Something like accessurl: how secure is it?


#1

Encrypt a cookie, send it over to a friend, use a password in the URL to decrypt it, friend gets to use cookie to be logged in as you?

The creator's explanation in their own words: https://www.producthunt.com/posts/accessurl#comment-354414

Aren't there domain-matching things with cookies? Can you really just pass them around? What could go wrong / is this easy to break?

The cookie .... is storing some way to get to your session on the server.... so if your friend gets a copy of the cookie you had in your browser... that cookie is still just the same cookie.... then yeah I guess that would let you just pop into the session. Hmmmm..... Lookin' for other angles xD


Passman, password vault for Nextcloud
#2

It may be helpful to ask a different question than how secure it is. It can be made secure, but it may not be a smart thing to do.

To start, it is possible to move cookies around. Consider upgrading your browser: you are replacing the binary which references a configuration file and all the rest, including cookies. It would be the same as if you copied your cookies to another user account or computer, they would all work more or less the same.

Now, that doesn't mean it works in all situations, but that is up to the website in question. For the most part cookies are set with an expiration, and it gets updated from use, so if seems like you just stay logged in. It is a nice user experience for something like a social network. Compare to a banking site, which hopefully clears out that authorization in a very short time frame.

You should not share your account with other people. If it makes more sense to share your account with a person than they have their own, the thing should be changed to make it better for humans.

Yes. It is susceptible to phishing and other weird attacks. Not the easiest if it is served over an encrypted connection, but phishing isn't a sophisticated method.

From one of the makers:

Then, when another user goes to your access URL, the chrome extension
takes the password from the URL (which is what shows up in the #), it
decrypts the cookies, and then adds them to Chrome's cookie jar.

Two things stand out for me:

  1. You'd need to share the link securely. Anyone reading it will be able to decrypt the cookie. It is probably okay in many instances, if you don't mind handing your login info (from the cookie) over to the provider of the messaging platform you are using. Security Aside℠: if you share that link over jabber the operator of the server can probably read it; so if you don't trust them, use OTR or OMEMO for the strongest privacy.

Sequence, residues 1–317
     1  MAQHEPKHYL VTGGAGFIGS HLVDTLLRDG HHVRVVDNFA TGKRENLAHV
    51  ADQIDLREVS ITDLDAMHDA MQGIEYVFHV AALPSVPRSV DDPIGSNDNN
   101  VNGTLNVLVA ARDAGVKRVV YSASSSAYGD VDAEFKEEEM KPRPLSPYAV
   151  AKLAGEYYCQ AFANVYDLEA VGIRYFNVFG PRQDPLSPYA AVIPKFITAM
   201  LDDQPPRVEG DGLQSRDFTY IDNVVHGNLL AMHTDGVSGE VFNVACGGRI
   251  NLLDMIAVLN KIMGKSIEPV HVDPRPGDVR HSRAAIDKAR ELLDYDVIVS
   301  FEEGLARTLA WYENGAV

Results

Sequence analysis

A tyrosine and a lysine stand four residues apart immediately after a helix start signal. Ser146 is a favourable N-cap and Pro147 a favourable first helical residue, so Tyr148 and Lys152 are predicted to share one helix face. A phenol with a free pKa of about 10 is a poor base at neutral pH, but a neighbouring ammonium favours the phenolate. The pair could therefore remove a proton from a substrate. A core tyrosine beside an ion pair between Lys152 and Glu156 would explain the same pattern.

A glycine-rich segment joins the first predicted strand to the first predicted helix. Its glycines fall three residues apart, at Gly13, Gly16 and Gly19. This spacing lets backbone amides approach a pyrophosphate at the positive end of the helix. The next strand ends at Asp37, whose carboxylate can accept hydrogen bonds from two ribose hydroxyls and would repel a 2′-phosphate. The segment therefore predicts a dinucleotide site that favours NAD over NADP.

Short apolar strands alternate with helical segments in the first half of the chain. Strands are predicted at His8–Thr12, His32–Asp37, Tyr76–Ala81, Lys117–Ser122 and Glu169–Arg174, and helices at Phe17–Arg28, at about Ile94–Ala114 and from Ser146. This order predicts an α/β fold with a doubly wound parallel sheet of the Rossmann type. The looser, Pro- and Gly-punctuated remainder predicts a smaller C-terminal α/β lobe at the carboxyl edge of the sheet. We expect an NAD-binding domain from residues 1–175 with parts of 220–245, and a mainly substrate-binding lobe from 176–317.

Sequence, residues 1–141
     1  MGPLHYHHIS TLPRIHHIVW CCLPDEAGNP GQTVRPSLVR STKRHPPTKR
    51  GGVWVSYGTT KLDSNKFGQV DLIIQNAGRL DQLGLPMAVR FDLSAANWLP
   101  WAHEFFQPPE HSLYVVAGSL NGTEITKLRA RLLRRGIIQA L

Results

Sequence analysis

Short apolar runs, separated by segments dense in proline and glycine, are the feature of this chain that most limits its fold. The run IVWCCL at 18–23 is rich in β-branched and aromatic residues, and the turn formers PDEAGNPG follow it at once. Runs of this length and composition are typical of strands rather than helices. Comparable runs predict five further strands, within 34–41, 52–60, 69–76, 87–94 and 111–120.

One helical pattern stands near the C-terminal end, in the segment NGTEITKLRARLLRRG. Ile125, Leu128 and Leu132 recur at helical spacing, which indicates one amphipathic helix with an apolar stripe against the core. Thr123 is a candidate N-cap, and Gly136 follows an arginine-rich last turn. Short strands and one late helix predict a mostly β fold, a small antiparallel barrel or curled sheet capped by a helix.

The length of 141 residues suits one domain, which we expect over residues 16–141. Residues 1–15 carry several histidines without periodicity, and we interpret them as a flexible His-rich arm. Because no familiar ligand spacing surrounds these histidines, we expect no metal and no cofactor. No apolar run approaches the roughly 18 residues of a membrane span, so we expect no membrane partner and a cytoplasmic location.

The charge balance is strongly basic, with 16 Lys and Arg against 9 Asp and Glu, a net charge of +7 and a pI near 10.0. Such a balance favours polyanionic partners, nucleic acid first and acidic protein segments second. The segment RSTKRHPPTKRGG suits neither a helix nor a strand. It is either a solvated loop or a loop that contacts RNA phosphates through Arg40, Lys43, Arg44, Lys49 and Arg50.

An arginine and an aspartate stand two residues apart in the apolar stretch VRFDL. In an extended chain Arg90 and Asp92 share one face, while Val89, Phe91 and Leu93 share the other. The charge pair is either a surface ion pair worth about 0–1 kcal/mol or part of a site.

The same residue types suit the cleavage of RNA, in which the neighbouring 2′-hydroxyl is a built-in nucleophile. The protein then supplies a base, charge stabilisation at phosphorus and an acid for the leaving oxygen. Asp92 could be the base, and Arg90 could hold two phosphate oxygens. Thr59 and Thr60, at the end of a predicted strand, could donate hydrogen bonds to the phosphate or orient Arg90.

2. As soon as your friend clicks on the link that includes the password used to encrypt the cookie the extension operator has it. I wouldn't trust them, got no reason to, but a lot of reason to not trust them with login cookies. Also, their server can be compromised, by a cracker or subpoena, which in turn gives a bad actor your login cookie.

That is for the actual tech behind the transactions. Additional concerns are people sharing the wrong cookies on accident, or using services that don't ask for verification before changing credentials, thus allowing your friends to change your password.

@tim, you build webapps from scratch, anything else going on there?


#3

From a developers point of view, this could be a problem. Often times there might be more than one cookie set for a user for a specific site, for whatever reason. It's assumed the cookies are set by the site, not passed about. Of course you'd have security in place against spoofed cookies, but I could see potential weird behavior when someone else is using a cookie the site set on another machine.

And in general..my chest just kept constricting the more I read the authors description.

This stores EVERYONES cookies in one place, this persons server. They didn't disclose how he encrypted them, but even if they did everything right, what if there is some accidental logging, or something? There are just too many possibilities where this could go horribly wrong.

This is basically storing your credentials on another persons server, and trusting they are managing things correctly. The only company I'd do that with is 1password, and that's because they are insane about security.


Secure Your Shit | Half-Elf on Tech
#4

Thank you for #lazywebbing me xD


#5

What about https://www.lastpass.com/ ?


#6

I wouldn't trust any closed source vault (including 1password), but in regards to LassPass, look no further than its security failures (well, the known ones).

I use KeePassX, a sibling project to KeePass, both excellent desktop apps. Nearly all my passwords are a minimum of ~20 characters.

For sites I log into via mobile devices I use long passphrases (see xkcd comic on the subject, or generate yer own!) and 2FA.

Keeps life simple and secure. ^_^


#7

Ditto to this! https://www.google.com/amp/www.pcworld.com/article/2936621/the-lastpass-security-breach-what-you-need-to-know-do-and-watch-out-for.amp.html?client=ms-android-google


#8

Ew! @tim shared a Google AMP URL!

Here's a :shamrock: because it comes up when searching for a shame emoji!

/me makes note to create plugin that automatically adds :shamrock:s to AMP URLs in Discourse...


Finding a candidate AFTER figuring out the issues
vTaiwan: participatory democracy
#9

Aahh what have I done??!